The puppy belonging to Jang’s younger brother chases after the attacker and trails him to his hideout. He watches as the man uses a de-aging/aging machine to transform back to his natural age and then report to none other than the floating skull, Blue Skull 13!  The plucky puppy then makes his way back to Jang’s house where the police and army are alerted. They storm the house led by Maruchi and Arachi, but the skull escapes along with his second in command, the evil green-skinned woman named Para.  The house blows up behind him leaving no clue as to where the skull may have gone.

However, the question of the skull takes a back seat to a more important event coming up–a Nuclear Scientist Peace Council is being held at a secret underwater facility. Jang’s father is a nuclear physicist and so Maruchi and Arachi are invited. The submerged convention center has everything an underwater resort could need but while the scientists are all relaxing around the pool, the facility is attacked by dozens of sharks belonging to an agent of Blue Skull. As all assembled scramble to the submarines before the domed resort is completely flooded a gigantic mechanical sea serpent makes its appearance and begins firing missiles at the seemingly doomed scientists!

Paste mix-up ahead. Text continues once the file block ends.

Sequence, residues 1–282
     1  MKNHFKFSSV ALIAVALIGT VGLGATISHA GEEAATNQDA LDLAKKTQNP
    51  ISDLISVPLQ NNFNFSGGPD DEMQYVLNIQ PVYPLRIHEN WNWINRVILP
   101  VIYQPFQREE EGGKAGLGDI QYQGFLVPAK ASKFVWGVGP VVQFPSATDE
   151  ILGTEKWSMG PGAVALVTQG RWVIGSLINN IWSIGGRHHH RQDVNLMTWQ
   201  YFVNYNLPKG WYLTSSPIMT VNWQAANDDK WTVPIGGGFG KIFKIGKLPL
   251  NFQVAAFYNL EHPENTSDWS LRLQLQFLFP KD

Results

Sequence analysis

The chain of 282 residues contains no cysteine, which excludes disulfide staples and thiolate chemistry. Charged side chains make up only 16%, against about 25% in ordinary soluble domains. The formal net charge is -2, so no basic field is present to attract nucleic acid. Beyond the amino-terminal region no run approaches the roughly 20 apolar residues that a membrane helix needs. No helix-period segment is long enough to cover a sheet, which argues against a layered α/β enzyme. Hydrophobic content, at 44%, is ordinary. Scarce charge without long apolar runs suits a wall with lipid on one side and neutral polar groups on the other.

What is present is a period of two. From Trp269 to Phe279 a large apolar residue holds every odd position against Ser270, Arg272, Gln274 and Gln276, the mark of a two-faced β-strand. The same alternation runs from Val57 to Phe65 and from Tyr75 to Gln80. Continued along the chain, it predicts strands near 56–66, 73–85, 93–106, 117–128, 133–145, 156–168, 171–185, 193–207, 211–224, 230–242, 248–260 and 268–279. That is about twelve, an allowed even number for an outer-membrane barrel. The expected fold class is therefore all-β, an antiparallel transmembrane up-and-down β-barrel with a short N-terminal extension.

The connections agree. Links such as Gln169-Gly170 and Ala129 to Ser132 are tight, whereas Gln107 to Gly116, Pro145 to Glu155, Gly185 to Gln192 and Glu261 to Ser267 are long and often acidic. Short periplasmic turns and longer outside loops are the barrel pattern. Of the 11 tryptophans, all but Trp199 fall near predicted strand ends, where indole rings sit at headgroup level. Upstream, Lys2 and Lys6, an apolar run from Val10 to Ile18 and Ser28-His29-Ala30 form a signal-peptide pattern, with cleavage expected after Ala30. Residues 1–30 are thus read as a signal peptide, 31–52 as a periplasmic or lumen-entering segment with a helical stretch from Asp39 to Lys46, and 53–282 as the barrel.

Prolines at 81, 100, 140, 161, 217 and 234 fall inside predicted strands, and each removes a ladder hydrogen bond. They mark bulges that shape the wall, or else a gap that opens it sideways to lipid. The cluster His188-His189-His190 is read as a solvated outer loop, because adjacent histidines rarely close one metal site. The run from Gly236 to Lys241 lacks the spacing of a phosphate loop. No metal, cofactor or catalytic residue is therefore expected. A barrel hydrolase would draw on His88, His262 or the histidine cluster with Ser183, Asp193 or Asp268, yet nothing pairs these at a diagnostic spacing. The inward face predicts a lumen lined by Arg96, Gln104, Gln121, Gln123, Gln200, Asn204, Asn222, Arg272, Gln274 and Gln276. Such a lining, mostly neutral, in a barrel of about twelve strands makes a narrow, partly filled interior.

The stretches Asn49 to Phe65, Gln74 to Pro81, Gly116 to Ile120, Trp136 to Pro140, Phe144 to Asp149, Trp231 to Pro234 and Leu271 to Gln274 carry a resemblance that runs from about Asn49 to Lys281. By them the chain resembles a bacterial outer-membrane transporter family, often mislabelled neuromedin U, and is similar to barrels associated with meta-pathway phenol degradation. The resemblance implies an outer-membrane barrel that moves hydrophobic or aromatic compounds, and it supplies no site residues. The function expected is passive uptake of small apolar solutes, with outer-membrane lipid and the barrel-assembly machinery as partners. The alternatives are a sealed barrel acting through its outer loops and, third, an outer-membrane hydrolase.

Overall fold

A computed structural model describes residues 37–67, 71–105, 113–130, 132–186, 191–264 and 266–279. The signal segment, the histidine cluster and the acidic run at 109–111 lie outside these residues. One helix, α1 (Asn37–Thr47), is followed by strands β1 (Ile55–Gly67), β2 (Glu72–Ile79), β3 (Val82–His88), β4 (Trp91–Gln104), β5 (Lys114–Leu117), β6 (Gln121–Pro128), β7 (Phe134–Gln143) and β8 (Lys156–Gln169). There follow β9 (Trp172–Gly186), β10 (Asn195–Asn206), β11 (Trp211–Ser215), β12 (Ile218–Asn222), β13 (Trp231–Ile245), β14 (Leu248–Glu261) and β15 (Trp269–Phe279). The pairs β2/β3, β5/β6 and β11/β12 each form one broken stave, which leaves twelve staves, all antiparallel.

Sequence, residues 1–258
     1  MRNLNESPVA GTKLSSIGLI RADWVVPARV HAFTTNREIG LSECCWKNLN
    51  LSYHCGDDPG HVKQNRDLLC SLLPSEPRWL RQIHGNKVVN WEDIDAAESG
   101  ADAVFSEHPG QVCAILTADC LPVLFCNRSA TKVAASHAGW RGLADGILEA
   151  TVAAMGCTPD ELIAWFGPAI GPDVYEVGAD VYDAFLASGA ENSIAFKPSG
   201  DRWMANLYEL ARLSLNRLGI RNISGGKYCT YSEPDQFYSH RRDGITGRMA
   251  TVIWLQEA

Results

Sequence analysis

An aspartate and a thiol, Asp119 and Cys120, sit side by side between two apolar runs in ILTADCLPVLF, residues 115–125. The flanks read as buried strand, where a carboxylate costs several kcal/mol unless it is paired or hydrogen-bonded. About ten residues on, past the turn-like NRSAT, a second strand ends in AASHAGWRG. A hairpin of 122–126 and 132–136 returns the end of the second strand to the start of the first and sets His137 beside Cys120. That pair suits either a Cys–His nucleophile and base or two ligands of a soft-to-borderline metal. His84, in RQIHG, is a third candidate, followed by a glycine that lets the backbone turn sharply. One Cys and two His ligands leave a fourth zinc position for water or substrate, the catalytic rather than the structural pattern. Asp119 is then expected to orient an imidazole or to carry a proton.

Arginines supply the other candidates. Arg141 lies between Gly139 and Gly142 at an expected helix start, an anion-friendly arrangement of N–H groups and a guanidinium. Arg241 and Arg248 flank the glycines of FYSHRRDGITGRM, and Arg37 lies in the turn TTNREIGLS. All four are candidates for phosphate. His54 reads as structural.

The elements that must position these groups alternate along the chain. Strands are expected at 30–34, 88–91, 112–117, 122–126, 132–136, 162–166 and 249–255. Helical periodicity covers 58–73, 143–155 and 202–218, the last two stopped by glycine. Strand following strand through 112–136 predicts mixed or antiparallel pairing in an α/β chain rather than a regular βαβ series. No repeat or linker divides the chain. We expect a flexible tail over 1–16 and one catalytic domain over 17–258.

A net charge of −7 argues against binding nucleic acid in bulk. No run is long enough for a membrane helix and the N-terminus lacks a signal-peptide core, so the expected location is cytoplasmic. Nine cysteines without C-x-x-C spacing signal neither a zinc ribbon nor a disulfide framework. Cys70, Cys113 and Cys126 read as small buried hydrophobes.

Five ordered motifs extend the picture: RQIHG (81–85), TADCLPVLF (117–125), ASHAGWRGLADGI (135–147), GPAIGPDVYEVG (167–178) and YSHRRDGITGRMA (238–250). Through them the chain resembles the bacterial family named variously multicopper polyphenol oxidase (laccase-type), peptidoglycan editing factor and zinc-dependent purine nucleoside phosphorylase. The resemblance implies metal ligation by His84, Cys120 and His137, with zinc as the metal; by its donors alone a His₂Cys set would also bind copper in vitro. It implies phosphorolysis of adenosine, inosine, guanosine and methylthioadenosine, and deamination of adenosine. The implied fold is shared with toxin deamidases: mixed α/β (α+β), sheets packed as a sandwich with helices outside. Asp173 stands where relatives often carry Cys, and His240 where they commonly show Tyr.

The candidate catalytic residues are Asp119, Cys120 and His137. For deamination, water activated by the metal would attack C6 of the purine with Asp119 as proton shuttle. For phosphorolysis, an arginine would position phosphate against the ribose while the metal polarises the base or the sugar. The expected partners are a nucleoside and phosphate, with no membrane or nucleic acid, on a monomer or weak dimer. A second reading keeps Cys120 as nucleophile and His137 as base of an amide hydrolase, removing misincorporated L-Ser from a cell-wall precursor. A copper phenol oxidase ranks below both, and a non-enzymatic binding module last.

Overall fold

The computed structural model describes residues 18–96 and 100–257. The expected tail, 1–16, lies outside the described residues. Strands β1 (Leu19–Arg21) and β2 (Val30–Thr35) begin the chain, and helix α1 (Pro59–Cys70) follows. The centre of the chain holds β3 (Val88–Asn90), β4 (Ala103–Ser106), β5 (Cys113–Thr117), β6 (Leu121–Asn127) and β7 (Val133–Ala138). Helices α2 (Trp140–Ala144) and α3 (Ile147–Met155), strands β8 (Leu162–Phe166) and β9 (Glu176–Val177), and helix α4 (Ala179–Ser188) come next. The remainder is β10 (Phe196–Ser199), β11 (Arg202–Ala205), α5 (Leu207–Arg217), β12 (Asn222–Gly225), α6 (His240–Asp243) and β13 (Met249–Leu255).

The excitement continues as the movie takes us from Korea to the Arctic Sea to the Himalayas. Besides swarms of killer sharks and sea monsters, the heroes also confront yeti, a mermaid and the trained assassins of the Blue Skull before the heroes can take on the mastermind behind all their problems. Much of the movie is quite good and I especially liked how Arachi is treated as an equal to Maruchi. No one ever tells her to stay behind because she is a girl.  In fact, its just the opposite.  She is ordered out of the sub to take care of all the sharks (there are about 30) as her brother battles the sea monster. Her training is also the same as her brother’s both from the old man in the mountain and from Yang.